Ximena: Understanding intersectionality is essential, without pretending I know it all or that I can relate to the other person’s situation completely, always from a place of radical acceptance.
Fernanda: My approach is to always have an open, receptive, validating environment where the client can show who they truly are and develop a safe space for themselves.
Angela: I maintain an awareness of my various forms of privilege, acknowledge that I am always learning, and accept gracefully that I will make mistakes despite my best efforts and therein lie opportunities for growth.
Susan: The therapeutic stance should be non-judgmental and accepting. The work of therapy helps you connect with who you truly are and what all human beings have in common.
Hannah: Technical issues aside, I’m incredibly grateful for the opportunity to deliver teletherapy. It increases access to care, and in many ways is more flexible than in-person services.
Ximena: I like it as an option for some clients, since it’s practical and it may facilitate their engagement in therapy. However, in-person encounters will always give me the chance to get a better picture of the person I’m working with, at least during the intake sessions.
Brad: I find it challenging that I do not get to see an entire person’s body to see body language; it makes it harder to read the client. I like that I often get to see my clients in their home environment and even meet their pet(s).
Fernanda: It also represents a challenge and adventure, going to new lengths to build rapport and a relationship with the other through technology, it includes helping the client create a safe place in their own homes.
Angela: I am invited into my client’s lives in a new way that is informative to the therapy and also allows for a different kind of connection. I have several clients I have never met in person, and we have developed strong connections despite of this.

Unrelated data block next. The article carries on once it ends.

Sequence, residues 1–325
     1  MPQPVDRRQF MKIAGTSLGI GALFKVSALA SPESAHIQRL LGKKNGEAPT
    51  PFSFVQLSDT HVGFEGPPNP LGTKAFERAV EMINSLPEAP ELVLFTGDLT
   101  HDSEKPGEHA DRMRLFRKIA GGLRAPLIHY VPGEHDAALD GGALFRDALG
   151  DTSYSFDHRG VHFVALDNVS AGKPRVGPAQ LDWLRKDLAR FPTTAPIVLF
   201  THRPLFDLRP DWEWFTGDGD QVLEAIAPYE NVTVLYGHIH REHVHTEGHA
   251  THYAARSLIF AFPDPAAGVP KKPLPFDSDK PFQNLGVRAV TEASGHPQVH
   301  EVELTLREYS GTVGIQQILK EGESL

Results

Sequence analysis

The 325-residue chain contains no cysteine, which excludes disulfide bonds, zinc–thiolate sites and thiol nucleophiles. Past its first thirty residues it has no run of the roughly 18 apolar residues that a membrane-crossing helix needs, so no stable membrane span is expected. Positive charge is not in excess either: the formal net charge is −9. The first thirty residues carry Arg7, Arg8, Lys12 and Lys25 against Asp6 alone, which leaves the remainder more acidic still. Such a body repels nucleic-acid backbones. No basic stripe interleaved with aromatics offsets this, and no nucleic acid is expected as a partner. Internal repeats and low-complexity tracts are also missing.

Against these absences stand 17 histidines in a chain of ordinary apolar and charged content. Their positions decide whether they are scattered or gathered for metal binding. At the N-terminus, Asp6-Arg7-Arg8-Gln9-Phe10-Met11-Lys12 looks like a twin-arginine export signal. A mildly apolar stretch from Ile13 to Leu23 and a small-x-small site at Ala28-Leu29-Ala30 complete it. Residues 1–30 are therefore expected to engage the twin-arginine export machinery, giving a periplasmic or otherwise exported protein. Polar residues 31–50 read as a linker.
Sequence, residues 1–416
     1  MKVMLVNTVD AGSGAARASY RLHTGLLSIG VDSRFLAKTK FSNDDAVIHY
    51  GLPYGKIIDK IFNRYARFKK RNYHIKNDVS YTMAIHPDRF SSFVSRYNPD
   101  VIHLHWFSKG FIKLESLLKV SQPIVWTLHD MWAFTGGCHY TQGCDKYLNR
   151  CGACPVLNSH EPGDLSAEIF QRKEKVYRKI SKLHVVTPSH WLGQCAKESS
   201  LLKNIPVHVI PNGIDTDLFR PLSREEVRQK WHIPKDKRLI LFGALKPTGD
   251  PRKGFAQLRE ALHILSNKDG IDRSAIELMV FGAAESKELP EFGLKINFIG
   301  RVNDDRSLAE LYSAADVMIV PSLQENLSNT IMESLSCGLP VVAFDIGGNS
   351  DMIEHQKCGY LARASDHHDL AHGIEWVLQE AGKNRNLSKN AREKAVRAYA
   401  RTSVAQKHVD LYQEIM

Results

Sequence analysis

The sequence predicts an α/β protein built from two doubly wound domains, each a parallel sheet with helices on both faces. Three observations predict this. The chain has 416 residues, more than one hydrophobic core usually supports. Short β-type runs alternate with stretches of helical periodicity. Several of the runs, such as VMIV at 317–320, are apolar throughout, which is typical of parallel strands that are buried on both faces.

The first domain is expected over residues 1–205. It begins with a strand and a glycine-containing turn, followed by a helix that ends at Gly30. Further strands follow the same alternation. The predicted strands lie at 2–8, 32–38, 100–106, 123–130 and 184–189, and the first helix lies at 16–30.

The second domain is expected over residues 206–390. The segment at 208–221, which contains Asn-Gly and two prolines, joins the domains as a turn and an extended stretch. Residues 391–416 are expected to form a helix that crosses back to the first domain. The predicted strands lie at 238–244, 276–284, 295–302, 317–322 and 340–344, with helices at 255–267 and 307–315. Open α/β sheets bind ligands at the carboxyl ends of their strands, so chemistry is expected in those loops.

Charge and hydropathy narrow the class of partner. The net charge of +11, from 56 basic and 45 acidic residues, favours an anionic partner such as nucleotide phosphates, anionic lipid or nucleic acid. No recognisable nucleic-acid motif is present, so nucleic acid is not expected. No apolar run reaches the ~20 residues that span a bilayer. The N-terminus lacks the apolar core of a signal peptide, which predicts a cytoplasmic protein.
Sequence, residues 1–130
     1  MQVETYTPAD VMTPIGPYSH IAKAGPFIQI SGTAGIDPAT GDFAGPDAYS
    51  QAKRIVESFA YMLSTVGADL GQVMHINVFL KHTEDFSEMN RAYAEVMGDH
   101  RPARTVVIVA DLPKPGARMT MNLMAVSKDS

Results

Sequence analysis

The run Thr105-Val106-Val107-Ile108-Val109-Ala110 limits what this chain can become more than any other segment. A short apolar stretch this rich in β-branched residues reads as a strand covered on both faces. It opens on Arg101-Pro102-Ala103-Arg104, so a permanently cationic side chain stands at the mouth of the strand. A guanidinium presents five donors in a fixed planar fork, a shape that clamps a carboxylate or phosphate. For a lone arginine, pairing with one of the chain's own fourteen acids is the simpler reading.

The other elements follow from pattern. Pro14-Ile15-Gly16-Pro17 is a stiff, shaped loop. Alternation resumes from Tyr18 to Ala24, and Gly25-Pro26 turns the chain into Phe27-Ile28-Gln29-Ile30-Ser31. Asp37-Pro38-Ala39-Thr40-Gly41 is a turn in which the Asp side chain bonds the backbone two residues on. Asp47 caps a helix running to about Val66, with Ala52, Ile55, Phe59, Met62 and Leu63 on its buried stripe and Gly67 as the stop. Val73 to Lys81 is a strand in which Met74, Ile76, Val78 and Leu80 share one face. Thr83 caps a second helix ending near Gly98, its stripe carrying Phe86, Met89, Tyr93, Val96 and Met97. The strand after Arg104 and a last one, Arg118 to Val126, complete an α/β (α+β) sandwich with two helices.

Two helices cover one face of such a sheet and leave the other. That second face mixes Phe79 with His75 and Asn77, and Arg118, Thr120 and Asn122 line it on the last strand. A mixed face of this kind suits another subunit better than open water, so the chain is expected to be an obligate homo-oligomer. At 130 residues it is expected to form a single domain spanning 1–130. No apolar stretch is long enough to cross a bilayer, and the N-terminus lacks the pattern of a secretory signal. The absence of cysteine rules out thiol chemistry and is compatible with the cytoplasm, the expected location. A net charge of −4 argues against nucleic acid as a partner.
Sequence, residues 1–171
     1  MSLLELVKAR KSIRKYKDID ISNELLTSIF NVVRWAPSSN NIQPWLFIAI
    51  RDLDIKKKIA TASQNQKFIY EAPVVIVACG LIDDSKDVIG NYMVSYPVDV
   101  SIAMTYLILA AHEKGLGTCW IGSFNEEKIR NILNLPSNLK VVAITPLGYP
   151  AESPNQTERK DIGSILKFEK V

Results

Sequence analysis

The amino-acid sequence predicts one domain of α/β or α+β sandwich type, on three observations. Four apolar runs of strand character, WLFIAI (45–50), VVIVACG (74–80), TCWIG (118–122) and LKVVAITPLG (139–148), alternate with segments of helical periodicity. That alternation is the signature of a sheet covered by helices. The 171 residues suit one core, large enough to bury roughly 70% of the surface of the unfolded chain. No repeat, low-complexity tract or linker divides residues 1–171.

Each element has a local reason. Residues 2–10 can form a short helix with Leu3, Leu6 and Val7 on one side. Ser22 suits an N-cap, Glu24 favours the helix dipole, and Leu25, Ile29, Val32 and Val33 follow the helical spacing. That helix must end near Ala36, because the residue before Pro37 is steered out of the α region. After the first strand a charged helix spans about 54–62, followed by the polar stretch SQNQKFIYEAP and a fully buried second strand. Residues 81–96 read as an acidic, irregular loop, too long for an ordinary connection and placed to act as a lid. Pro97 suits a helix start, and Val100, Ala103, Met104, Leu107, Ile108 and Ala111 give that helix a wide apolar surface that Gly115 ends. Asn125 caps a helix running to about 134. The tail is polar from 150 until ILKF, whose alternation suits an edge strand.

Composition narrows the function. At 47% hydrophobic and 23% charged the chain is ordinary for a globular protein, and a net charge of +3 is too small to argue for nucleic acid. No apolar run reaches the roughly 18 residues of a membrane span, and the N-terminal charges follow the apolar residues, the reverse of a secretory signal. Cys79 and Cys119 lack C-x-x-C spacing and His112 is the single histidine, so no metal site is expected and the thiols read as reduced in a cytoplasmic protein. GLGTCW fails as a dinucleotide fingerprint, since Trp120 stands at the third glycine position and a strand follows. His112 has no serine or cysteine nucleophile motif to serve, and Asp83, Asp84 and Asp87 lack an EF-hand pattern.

Hannah: I view self-care as a “practice” with strategies I can implement daily to promote my wellness in the long-term. I integrate regular mindfulness meditation and joyful movement and am intentional about sleeping well and nourishing and hydrating my body. Self-care for me also includes connecting with my loved ones on a consistent basis, as well as spending time in nature.
Ximena: The concept of self-care has been romanticized lately, it goes beyond taking a bubble bath (which can be a nice way to pamper ourselves of course!) Self-care is making decisions that will have a positive impact in my life. It has to do with recognizing what I need and having the energy to respond effectively.
Brad: Self-care is a vital part of our overall health. My personal strategies are to get plenty of rest, eat a balanced diet (“there are no good or bad foods, just ineffective portion sizes”), get some movement in daily, take care of myself if I am not feeling well, engage with self-care, take time for mindfulness/meditation daily, and know my limits to maintain work/life balance.
Fernanda: Self-care is about nurturing the most important relationship humans have, themselves. My personal strategy always starts with self-check-in to acknowledge my needs and stay open to hearing the answer which can be resting a whole day, cooking, painting, seeing an old friend, meditating or just having a free, non-planned day.
Angela: For me, self-care is about living the kind of life I don’t need a break from. By maintaining good habits and boundaries, I don’t have to think so hard about how to fit in everything I need and want to do.
Susan: Self -care helps me fuel myself so that I have optimal energy to help others in their journey. Nature, joyful movement, dogs, babies, gardening, decorating, meditation, music – all of these things help me to feel happy, relaxed and connected to myself and others.
Czeisler, M. É., Lane, R. I., Petrosky E., Wiley, J. F., Christensen, A., Njai, R., Weaver, M. D., Robbins, R., Facer-Childs, E. R., Barger, L. K., Czeisler, C. A., Howard, M. E., & Rajaratnam, S. M. (2020). Mental health, substance use, and suicidal ideation during the COVID-19 pandemic — United States, June 24–30, 2020. Morbidity Mortality Weekly Report (MMWR), 69, 1049–1057. http://dx.doi.org/10.15585/mmwr.mm6932a1external icon
McKnight-Eily, L. R., Okoro, C. A., Strine, T. W., Verlenden, J., Hollis, N. D., Njai, R., Mitchell, E. W., Board, A., Puddy, R., & Thomas, C. (2021). Racial and ethnic disparities in the prevalence of stress and worry, mental health conditions, and increased substance use among adults during the COVID-19 pandemic — United States, April and May 2020. MMWR Morbidity Mortality Weekly Report,70, 162–166. http://dx.doi.org/10.15585/mmwr.mm7005a3external icon.